How To Sing With The Soft Palate
Learning to control the soft palate effectively is paramount to a healthy singing voice – as one of the only voluntary muscles associated with singing, the diaphragm and vocal chords being involuntary muscles too, respectively, the soft palate can be thought of as the gateway to bright resonance, or as it’s sometimes called “the door to the nose”. Using your soft palate in the correct manner ensures consistent resonance and proper air flow on each of your resonant sounds. In essence ‘closing’ on a vowel sound, and ‘opening’ on a resonant consonant or hum like an “N” or “NG” sound.
Controlling the soft palate when you sing is a super basic skill, but one that is often implemented by the very best singers, and is often brushed off by coaches that have simply forgotten when it was like to be a complete beginner with no understanding of the voice – or worse, keep it as a secret to be revealed only when you purchase their expensive course.
In this singing tutorial, I’m going to demonstrate the importance of soft palate control in singing, along with showing you practical ways to implement this important, yet often misused aspect of your voice.
- A correct vowel features a closed but raised soft palate (no airflow through the nose/velar port, but a raised palate)
- An open-resonant consonant sound such as N or M features an open soft palate (airflow through the nose/velar port)
What is the soft palate?
First up, what exactly IS the soft palate? The soft palate is the soft, fleshy ‘flap’ at the back of your throat, attached to the hard palate (ie: roof of your mouth) that among other important tasks, controls airflow to your nose by either opening, or closing. You likely have control over your soft palate already without knowing – every time you sneeze, you actually build up pressure behind a closed soft palate, then let it ‘burst’ through the door and into the nose to dislodge and disrupt a blocked nose. You also use the soft palate when you breathe through your nose, and also when you yawn, which is why some ill advised voice coaches out there have been known to tell people to ‘yawn’ before they sing. This is very improper advice and will do your voice no good, so listen up and learn how to use your soft palate the right way.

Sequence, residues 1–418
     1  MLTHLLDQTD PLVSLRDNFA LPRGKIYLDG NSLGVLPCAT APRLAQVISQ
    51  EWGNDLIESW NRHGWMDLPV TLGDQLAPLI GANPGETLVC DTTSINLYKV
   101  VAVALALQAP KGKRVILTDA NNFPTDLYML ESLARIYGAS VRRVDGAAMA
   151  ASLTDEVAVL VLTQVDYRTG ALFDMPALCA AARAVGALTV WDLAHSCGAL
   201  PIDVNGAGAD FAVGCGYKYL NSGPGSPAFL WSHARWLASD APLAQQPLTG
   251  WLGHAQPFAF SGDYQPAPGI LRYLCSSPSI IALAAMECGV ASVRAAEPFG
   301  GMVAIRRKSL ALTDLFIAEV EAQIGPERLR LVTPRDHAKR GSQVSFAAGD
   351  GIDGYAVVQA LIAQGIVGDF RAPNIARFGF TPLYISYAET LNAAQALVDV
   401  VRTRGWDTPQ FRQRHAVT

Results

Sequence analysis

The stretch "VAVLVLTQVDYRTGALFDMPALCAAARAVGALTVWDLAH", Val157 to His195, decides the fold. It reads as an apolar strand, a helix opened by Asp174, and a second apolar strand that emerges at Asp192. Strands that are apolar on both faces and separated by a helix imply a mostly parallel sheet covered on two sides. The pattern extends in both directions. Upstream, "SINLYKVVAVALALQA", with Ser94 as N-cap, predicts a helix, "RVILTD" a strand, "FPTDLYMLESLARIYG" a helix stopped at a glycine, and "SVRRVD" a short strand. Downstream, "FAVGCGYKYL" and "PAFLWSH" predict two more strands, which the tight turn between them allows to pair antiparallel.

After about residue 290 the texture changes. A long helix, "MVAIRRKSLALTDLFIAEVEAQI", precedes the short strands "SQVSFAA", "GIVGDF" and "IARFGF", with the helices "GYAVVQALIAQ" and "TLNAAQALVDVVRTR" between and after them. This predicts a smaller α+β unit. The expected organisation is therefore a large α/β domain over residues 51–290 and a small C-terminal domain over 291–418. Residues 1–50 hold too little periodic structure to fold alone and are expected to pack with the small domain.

How do you control the soft palate?
To illustrate control over your soft palate, lets first try breathing through your mouth ‘only’ – this is a closed soft palate. Now, try the same thing by breathing in through your NOSE only, this is an ‘open’ soft palate. The key to singing is learning to control the open/shut mechanism of the soft palate, while also keeping it raised to create space and allow resonance to balance between the three vocal resonators; the pharynx, the mouth and the nasal cavity.
When you sing a vowel sound, the palate should raise high into the back of the head, while also blocking off airflow through the nose (closed but raised), where an open-resonant consonant sound such as N, NG or M features an open soft palate involving nasal airflow.
What is open throat singing?